Photo page header

Home

The Education Beat

Brown balanced education and experience during law enforcement career

Ron Brown posing

From The Ichabod - Spring 2021
By Jeremy Wangler

Education and experience are key to moving up in almost any profession. For Ron Brown, he was able to have a rewarding career in law enforcement thanks to invaluable experience on the streets and advanced education in the classroom.

Brown, bs ’97, mcj ’14, was with the Topeka Police Department for 28 years, retiring in 2009 as a major and a division commander. He then became chief of the Topeka Public Schools Police Department and held that position for 10 years until retiring in summer 2020. On top of that, he was a member of the Marine Corps for 31 years, training Iraqi police among other things, and he was an adjunct criminal justice instructor at Washburn University for 20 years.

Brown took over the Topeka Public Schools police force at a time when they were starting to turn duties over to TPD. He revamped the agency and proved he and his officers were relevant, telling them their most important tool was their relationship with the kids.

“Part of that was just getting into the hallways and talking to the kids on a daily basis,” he said. “One of my favorite things to do, honestly, was to go to a preschool or an elementary school in a uniform because if you needed an ego boost for the day, that was the place to get it. You are a rock star in an elementary school or a preschool.”

Brown believes if police agencies want to be considered a profession, they must rise to the level of education expected by most professions – a college degree. When he started with TPD, he said only one officer had a master’s degree.

Now there are many, and there’s even a major with a doctorate. Nationwide, 30% of officers have at least a four-year degree and 5% have a graduate degree, according to a 2017 study funded by the Police Foundation.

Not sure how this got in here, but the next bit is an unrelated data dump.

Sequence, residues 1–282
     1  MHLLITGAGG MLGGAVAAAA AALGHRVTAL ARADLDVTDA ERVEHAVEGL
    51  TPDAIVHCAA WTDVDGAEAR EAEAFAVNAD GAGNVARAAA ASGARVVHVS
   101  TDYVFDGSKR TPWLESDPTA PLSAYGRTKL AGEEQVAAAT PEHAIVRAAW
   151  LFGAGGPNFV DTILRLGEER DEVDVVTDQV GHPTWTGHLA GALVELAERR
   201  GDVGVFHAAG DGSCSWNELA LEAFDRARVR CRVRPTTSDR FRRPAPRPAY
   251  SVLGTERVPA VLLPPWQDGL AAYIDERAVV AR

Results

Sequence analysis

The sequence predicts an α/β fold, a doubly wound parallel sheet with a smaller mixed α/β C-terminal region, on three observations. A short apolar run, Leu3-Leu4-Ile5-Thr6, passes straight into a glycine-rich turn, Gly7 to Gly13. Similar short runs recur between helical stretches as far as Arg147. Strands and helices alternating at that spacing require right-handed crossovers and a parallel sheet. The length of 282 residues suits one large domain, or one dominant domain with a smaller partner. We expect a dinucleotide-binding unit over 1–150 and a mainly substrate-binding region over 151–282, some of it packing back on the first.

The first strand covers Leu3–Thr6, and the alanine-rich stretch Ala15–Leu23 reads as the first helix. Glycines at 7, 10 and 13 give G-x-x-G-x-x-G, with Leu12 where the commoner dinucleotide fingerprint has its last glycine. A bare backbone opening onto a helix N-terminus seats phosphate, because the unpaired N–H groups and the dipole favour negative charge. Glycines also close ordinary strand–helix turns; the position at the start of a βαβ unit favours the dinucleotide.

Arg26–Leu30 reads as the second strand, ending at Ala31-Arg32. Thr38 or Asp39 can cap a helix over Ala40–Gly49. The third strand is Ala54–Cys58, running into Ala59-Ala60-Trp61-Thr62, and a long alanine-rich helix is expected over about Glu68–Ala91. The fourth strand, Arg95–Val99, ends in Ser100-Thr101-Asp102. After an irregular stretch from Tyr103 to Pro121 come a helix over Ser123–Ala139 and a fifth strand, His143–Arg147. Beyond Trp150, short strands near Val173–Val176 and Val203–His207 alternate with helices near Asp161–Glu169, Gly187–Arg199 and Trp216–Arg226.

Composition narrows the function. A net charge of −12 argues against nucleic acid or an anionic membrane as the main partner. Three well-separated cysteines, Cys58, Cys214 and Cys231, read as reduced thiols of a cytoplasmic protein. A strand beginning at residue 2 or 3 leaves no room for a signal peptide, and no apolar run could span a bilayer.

But Brown didn’t want his students thinking they would be able to walk right into their dream job. Experience is still essential, as is continued education in your desired field.

“One of the questions I always ask my classes is, where do you see yourself in five years,” Brown said. “Some of them are pretty realistic and some are not. I'll explain to them that you have to be willing to do your time. You have to be on the streets as a patrol officer for a number of years before you move up the ranks. I got to do a lot of cool stuff. I was in charge of SWAT. I was in charge of narcotics. I did special operations. But it didn't start right at the beginning.”

Brown said the best part of his career was teaching and classroom interactions with Washburn students. He would gladly talk to them after class, write letters of recommendation or hire students as TPD interns.

“I always told students on my last day of class, ‘Our class is over, but our relationship is not. Here's my phone number. You call me any time you have questions, concerns, anything I can help you with.’”

The Ichabod magazine spring 2021

The Ichabod tells our story with features on alumni, faculty, staff, students and friends, along with the latest campus news. Read the 2021 spring edition online and look for it in mailboxes in May.

View past editions

 

Please enter your username and password below. If you do not have a username and password, click "New user registration" to register.

Login
New user registration
Forgotten password

1729 MacVicar Avenue
Topeka, KS 66604 Phone: 785.670.4483
Email: contactus@wualumni.org